Our current world is a lot to handle for those who aren’t fighting mental illness, but when the weight of today’s reality is combined with the additional stress of mental illness, it can be overwhelming. I’ve never been more scared than when I was struggling with OCD and would see someone act on the same exact obsessions I had been ruminating over. I was in a very fragile mental state. It was next to impossible for me to distinguish between the problems others were having and my own. I didn’t see each mental illness as its own separate entity, instead I clumped them all together.
In my mind: “They had a mental illness and so do I, therefore, if they could act on those terrible thoughts, it must mean I could as well.”
To me, there was no difference between us. Anyone who was capable of having a scary thought was equally capable of acting on them, especially if they had a mental illness. Wrong. So, so wrong.
Saying that every mental illness is the same is like saying every physical illness is the same. It’s completely untrue. Just as every mental illness is different, the severity of it varies too. Having a bruised knee and needing knee replacement surgery are VERY different injuries. Though both involve a knee, the severity of the injuries and the treatment of these injuries will be very different.
I’m often asked how long it took me to heal. I have no problem sharing this information, I was in weekly (or more) therapy for about a year and a half. I also continue to take anxiety medication. My experience is not everyone’s though. Not everyone will take that long to heal. Some will take longer. My medication will not work on everyone, there were also some medications that did not work on me. Everyone is different. Every journey is unique. That doesn’t mean that one person’s journey is “easier” or less important than someone else’s, it’s just different.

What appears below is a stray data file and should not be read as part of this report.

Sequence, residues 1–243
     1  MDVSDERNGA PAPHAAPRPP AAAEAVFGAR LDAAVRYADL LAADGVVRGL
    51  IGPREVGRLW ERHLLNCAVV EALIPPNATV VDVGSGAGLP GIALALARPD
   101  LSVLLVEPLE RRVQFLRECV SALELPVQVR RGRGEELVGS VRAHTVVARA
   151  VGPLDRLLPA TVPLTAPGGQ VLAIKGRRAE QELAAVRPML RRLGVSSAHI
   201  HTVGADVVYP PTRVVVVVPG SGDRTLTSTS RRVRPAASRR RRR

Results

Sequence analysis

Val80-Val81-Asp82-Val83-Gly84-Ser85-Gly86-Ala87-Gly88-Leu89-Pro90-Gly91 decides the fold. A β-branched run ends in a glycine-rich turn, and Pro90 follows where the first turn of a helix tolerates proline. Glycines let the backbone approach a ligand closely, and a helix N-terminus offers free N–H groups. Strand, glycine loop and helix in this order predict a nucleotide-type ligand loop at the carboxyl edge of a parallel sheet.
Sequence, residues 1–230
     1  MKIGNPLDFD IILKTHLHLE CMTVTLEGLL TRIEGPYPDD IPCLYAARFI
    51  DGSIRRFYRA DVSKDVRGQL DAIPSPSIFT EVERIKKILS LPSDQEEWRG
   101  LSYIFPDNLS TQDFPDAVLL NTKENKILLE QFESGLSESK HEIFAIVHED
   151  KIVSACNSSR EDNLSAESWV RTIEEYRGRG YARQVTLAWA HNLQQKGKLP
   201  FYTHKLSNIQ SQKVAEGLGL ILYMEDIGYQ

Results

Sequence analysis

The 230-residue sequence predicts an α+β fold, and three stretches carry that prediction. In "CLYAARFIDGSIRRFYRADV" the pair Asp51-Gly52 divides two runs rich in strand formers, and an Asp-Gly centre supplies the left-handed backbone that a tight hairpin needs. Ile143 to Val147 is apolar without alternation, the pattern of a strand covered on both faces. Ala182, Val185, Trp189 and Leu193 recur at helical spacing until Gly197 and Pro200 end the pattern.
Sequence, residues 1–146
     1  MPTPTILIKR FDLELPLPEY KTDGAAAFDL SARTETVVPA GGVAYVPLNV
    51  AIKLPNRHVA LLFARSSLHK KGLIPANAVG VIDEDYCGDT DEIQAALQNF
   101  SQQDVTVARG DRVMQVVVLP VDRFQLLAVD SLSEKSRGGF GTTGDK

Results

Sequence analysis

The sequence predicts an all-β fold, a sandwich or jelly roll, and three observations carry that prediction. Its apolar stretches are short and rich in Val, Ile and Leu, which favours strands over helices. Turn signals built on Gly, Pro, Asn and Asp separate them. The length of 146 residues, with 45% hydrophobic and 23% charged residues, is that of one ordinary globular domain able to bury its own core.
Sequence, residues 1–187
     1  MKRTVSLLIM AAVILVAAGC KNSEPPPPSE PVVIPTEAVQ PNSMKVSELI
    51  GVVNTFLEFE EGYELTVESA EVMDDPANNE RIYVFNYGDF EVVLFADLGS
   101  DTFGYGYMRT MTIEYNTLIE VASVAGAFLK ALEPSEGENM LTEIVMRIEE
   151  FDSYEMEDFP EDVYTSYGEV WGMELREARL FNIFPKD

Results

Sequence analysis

I’ve put together what I believe are the four most important ways that I was able to protect myself during triggering events and this is the same advice I give to anyone who messages me.
1. Focus on Yourself and Your Story:
This one is very difficult, especially for people who feel the need to constantly research their symptoms. I had postpartum OCD, specifically, I was scared/obsessed with thoughts of hurting my children on purpose. The nature of those thoughts made me very sensitive to stories where children had been hurt by their parent/caretaker. I thought that because other people had acted on my exact fears, it meant I was also capable of that. Nothing could have been further from the truth though. People with OCD do not hurt people, they have a great fear of hurting people, so they begin to have compulsions against the thoughts. I would make sure there were two closed doors between me and my sleeping children so that I didn’t hurt them during the night. I would only use knives in the kitchen when they were in a different room from me, etc. I was so scared of hurting them, I went overboard keeping them safe. People who hurt other people or children do not do this. They do not worry about their actions or feel guilty for having scary thoughts. They may very well suffer from a mental illness, but it for darn sure isn’t one that is rooted in keeping those they love safe.